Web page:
There were a few concerned suggestions that I must not, must not turn the two Corriedale bobbins into a two-ply. The reason? The singles were (thanks to the arrangement of the batt) possessed silky-smooth transitions from the deep purple to paler purple to green, and only a chain/Navajo ply would preserve those transitions in the finished yarn.
I appreciate the concern, but I didn't want to chain ply. As I explained in the previous entry, chain plying is the only sort of plying I've ever done. Joining the Tour de Fleece isn't about doing what I've already done, it's about trying as many new things as I possibly can.
Plying happened a day later than planned. I sat down to work on schedule, but then–as might happen in the real race–I immediately got a flat. The little dome-shaped wooden whatsit at the orifice end of my flyer came unglued. Not that I should be surprised–this wheel is probably a year or two older than I, and bits of me have also started coming unglued.
The mend was easy, but I am my father's son and you do not fiddle around with a glued join until the glue is completely dry. That's a lesson from day one of Making Stuff in the Garage with Dad class.
Twenty-four hours later I tried again. My guiding lights–Alden Amos's Big Book of Handspinning and The Intentional Spinner by Judith MacKenzie McCuin–were once again enormously helpful. I like to see what Alden says, compare it to what Judith says, then lay out a battle plan.
Both advise that the set-up for plying ought to allow for plenty of room between the bobbin rack (in my case, a Lendrum lazy kate from The Fold, in Marengo, Illinois–contender for Best Spinning Shop in North America), the spinner's hands, and the orifice.
Plenty of room, for me, meant seven feet from the lazy kate to my hands, and about 18 inches from my hands to the wheel. That is the utmost my apartment will accommodate without removing all the furniture from the room.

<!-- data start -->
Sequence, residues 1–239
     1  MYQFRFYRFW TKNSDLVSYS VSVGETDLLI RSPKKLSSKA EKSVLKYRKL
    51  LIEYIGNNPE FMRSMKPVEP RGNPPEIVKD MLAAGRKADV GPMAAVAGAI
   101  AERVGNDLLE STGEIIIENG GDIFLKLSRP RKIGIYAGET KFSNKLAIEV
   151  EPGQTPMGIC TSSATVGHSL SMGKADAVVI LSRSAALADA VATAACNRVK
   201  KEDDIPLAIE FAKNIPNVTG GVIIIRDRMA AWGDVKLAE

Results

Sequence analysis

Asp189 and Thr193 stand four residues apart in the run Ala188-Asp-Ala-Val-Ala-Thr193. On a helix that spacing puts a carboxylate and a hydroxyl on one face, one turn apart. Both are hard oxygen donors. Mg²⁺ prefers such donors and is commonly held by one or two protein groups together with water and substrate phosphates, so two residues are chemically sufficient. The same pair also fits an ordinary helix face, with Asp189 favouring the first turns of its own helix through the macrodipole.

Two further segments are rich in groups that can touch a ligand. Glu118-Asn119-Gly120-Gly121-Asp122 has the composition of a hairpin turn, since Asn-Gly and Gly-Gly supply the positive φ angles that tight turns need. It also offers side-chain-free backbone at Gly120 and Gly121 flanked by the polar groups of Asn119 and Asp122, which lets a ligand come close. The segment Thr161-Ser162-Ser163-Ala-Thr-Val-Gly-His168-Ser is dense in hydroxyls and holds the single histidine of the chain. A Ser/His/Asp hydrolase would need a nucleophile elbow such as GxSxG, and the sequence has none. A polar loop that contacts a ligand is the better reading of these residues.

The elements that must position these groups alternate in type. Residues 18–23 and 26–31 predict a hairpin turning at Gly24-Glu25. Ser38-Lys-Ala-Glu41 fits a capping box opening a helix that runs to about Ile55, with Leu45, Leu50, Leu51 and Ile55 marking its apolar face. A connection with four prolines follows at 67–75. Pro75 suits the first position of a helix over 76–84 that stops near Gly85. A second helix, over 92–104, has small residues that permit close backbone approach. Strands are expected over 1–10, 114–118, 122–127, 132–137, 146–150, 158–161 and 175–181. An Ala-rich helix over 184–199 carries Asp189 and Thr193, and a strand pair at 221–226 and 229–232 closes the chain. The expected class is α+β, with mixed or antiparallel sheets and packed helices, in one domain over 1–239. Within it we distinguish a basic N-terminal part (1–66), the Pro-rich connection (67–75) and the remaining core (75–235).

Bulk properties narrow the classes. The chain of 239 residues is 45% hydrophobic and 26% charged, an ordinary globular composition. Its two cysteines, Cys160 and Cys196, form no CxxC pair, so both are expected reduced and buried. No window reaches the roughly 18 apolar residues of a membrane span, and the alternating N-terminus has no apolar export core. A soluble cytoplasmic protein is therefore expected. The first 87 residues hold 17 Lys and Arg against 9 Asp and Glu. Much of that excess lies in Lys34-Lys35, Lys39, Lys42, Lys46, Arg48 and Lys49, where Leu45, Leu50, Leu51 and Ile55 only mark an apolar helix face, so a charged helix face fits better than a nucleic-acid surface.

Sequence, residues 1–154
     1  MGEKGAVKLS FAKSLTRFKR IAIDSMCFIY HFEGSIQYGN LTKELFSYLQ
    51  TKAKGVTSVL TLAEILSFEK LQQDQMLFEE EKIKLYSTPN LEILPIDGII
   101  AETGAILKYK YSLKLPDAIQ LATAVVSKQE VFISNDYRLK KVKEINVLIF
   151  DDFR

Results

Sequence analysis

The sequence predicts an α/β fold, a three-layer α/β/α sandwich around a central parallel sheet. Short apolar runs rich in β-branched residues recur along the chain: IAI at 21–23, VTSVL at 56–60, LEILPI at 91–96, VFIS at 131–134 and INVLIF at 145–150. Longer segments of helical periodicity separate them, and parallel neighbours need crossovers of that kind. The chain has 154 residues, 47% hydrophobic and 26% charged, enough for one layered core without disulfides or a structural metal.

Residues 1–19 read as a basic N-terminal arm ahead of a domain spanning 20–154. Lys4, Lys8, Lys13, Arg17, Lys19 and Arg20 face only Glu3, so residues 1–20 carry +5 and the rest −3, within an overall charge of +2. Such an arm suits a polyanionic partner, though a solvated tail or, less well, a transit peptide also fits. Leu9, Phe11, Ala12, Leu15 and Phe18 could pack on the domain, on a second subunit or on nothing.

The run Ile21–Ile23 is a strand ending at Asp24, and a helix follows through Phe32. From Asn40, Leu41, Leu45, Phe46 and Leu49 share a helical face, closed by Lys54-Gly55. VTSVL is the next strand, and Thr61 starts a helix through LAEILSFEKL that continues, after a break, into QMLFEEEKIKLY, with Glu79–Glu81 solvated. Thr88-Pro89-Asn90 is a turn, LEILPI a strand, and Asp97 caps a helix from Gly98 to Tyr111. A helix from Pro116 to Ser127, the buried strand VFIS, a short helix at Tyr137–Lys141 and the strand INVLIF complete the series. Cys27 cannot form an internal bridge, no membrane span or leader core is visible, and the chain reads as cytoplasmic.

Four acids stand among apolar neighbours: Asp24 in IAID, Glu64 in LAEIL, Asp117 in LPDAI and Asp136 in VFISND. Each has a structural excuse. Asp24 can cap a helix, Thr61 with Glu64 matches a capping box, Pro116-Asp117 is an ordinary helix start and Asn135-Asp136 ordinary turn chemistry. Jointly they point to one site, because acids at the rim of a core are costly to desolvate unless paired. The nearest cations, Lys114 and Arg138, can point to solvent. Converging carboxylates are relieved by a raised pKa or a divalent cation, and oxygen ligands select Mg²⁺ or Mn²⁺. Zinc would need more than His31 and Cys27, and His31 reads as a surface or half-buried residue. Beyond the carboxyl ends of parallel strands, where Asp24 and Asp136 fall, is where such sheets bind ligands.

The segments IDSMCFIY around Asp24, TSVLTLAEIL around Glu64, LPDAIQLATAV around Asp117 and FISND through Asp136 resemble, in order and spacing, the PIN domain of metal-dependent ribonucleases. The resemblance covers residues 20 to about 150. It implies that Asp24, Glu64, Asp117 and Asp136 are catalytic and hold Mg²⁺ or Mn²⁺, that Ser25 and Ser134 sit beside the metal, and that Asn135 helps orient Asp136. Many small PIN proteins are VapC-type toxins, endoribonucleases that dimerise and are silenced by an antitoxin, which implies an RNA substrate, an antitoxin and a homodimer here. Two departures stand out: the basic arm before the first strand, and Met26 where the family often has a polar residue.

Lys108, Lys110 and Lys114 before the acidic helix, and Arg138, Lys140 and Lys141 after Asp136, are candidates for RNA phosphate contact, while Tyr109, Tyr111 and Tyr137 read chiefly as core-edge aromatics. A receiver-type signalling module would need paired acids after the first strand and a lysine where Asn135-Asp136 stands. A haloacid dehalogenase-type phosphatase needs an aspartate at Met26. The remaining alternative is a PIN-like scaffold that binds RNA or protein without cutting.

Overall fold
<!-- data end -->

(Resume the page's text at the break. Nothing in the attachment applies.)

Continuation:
Before beginning, I made a general announcement that the strands being plied were not to be used as a jump rope, clothesline, limbo stick, or tripwire. Then I posted Harry as guard, which gave him an excuse to wear the butch little "SECURITY" ball band he wore while working the door at the Yarn Pride dance this year. So everyone was happy.
The long, long set-up allows the twists in the singles to re-distribute themselves as they approach the wheel. It helps even things out, said the experts–and it certainly seems to have worked. My singles didn't magically morph into perfection, but the tighter kinks that had me worried did vanish. That was magic enough for me.
Alden's method for holding the yarns seemed more straightforward (if you want to know about it, get the book–it's worth it), so I went with that. Judith's description of the actual hand motions (in which the hand nearer the orifice moves and the other hand does not) made more sense, so I went with that. I also liked her take on counting while you draft (yes, you should–at least at first).
Here's how I counted. This will be of no use to anyone except me, next time I need to remember what I did.
One: Treadle. (Orifice hand holds back the twist.)Repeat.
Two: Treadle. (Orifice hand holds back the twist.)
Three: Treadle and release twist into the strand.
Four: Treadle and feed the plied yarn to the wheel.
I started slowly and focused on the counting and on spinning the wheel counterclockwise rather than clockwise. When that was going well I added in Alden's "rolling release" (again, see the book) which does, in fact, seem to help smooth the plying twist.
Much more quickly than expected, I had this.
Not perfect. Not even close. But it is plied.
I confess that I carried the bobbin around like a teddy bear so I could turn it over in my hands and just look at it. It may have spent the night on my nightstand, but you'll never know.
Then, today, I wound it off to the niddy-noddy. As with plying, I made sure to keep a good distance between myself and the flyer–another chance for the twist to even itself out.
This niddy-noddy was hand-turned. I got it (on the same day as the the lazy kate) at The Fold. If you've never been The Fold, you need to put it on your life list. Toni should be sent on an all-expenses-paid world tour so everyone can see what the owner of a fiber business ought to be.
As I write, the yarn is still on the niddy-noddy awaiting lease ties (the little strands that keep it from tangling) because, as I said before, I can't stop looking at it. I'm mesmerized by what the colors in the original batt did when I plied them together. It's barber pole all the way, but echoes of the original transitions persist.
I want to order another "Smoothie" from Lunabudknits, spin the colors in a different order, and see what happens with those.
But first, this lot has to been skeined and then wet finished. More after that's complete...